Yoro, Honduras is well known for a few agricultural goods and, of course, the annual “rain” of silverfish. In the 1850s or 1860s, a Spanish missionary named Father Jose Manuel Subirana visited Yoro, Honduras. After witnessing how poor and hungry the peasants were, he prayed for three days and three nights, begging God to provide food for them. Soon after, a black cloud arose in the sky, and fish began to fall from the sky, feeding the town in response to his prayers.
This was the first reported instance of the phenomenon known as lluvia de pesces, or Fish Rain, according to legend.
The Fish Rain is said to happen every year, sometimes more than once, near the end of the spring season. Only after a strong and damaging storm, when everyone is sheltered indoors, can the “lluvia de peces” (literally, “rain of fish”) occur. When the storm passes, the residents know to grab their baskets and head into the streets, where sardine-like fish have been strewn around.
Worse, it has been determined that such fish are not endemic to Yoro’s waterways. The fish, according to the villagers, must have come from the heavens in a miraculous display of divine intervention. “It’s a miracle,” one local commented. “We think of it as a God-given gift.” Many people consider it a blessing because it is the only time of year when they can buy and eat fish. Poverty is prevalent in the region. Mud-brick homes are home to families. For some people who survive off on maize, beans, or other self-grown crops, this is the only time of year they can eat fresh fish. In their perspective, the Rain of Fish is unquestionably a miracle.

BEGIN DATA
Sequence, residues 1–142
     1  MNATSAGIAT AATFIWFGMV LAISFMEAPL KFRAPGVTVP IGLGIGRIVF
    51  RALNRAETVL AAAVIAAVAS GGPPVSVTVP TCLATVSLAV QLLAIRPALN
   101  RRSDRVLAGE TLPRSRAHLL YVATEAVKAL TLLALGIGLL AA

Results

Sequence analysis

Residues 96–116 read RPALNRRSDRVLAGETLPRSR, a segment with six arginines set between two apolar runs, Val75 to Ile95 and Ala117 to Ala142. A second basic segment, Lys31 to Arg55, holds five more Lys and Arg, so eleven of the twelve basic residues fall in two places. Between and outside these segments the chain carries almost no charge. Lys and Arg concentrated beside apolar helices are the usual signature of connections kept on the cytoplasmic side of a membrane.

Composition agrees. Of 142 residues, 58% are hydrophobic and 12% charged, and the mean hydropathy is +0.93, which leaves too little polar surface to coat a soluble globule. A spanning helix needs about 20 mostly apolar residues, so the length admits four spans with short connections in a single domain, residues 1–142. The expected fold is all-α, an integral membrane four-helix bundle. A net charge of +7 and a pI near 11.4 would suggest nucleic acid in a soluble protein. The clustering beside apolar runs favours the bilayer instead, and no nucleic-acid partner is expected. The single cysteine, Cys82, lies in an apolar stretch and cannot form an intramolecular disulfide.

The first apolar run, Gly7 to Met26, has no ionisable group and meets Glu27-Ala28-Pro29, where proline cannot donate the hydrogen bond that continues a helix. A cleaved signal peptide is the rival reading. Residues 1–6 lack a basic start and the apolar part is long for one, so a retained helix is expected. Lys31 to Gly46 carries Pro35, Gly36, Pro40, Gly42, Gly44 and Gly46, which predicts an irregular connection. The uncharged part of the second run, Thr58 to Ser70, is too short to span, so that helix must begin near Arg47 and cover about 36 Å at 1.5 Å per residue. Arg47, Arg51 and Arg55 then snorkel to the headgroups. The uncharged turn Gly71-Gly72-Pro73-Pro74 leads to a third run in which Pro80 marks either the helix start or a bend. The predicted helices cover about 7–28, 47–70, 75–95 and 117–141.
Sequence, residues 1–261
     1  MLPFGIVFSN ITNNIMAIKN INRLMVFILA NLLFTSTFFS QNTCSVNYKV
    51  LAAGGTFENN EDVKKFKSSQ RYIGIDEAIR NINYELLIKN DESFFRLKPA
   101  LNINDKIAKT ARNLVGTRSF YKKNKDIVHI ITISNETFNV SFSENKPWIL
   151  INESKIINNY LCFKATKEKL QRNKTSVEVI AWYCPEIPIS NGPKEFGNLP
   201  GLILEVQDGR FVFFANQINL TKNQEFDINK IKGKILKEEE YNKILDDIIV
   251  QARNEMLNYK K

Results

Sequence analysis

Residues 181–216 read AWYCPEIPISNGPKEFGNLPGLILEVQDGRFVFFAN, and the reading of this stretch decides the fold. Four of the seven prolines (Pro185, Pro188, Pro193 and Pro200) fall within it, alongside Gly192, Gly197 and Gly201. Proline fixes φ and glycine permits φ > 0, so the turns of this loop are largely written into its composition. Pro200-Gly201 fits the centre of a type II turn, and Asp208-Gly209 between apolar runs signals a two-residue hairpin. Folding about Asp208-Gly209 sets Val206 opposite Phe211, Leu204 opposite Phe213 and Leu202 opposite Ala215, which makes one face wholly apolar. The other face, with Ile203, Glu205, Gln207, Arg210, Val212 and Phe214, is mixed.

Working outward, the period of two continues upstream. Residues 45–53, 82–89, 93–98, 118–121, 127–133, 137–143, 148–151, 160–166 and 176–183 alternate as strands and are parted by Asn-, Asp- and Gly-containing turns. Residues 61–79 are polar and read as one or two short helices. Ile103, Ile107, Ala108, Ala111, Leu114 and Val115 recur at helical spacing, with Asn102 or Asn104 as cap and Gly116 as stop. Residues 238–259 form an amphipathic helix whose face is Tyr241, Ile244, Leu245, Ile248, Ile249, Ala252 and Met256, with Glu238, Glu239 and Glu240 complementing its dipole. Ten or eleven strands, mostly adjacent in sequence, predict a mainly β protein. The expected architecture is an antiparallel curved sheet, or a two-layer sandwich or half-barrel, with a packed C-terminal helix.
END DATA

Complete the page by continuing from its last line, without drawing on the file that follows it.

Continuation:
The researchers then speculated that the fish may live in underground rivers or underwater tunnels, where they are blind due to a lack of light.
The strong rains and subsequent flooding, they reasoned, would have pushed the subsurface fish to the surface. Another theory is that waterspouts are to responsible for the fish rain. Waterspouts aren’t known to be capable of carrying fish long distances, and the fish that flood Yoro’s streets aren’t from their native streams.
The fish might have come from the Atlantic Ocean, which is almost 100 miles away and far too far for a waterspout to have accompanied them. “Fish rain” or “animal rain” has been reported in several nations, including Mexico, China, Thailand, and Australia. Fish and frogs are the most common, although spiders, birds, snakes, mice, and jellyfish have all been documented. There are no pictures of the phenomenon since no one would dare to go outside in such bad weather, according to the locals.